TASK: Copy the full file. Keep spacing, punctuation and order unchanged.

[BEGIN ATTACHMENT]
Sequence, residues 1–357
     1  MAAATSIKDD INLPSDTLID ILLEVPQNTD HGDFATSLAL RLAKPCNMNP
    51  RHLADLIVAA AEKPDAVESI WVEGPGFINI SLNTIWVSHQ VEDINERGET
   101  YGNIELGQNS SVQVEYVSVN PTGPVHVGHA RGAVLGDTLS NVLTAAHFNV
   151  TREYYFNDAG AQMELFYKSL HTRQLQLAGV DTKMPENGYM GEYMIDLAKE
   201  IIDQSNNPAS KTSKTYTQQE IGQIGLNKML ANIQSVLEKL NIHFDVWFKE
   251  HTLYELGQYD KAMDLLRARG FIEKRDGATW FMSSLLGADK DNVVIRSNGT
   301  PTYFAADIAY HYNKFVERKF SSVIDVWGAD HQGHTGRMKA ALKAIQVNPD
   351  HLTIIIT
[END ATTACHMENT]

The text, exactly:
Sequence, residues 1–357
     1  MAAATSIKDD INLPSDTLID ILLEVPQNTD HGDFATSLAL RLAKPCNMNP
    51  RHLADLIVAA AEKPDAVESI WVEGPGFINI SLNTIWVSHQ VEDINERGET
   101  YGNIELGQNS SVQVEYVSVN PTGPVHVGHA RGAVLGDTLS NVLTAAHFNV
   151  TREYYFNDAG AQMELFYKSL HTRQLQLAGV DTKMPENGYM GEYMIDLAKE
   201  IIDQSNNPAS KTSKTYTQQE IGQIGLNKML ANIQSVLEKL NIHFDVWFKE
   251  HTLYELGQYD KAMDLLRARG FIEKRDGATW FMSSLLGADK DNVVIRSNGT
   301  PTYFAADIAY HYNKFVERKF SSVIDVWGAD HQGHTGRMKA ALKAIQVNPD
   351  HLTIIIT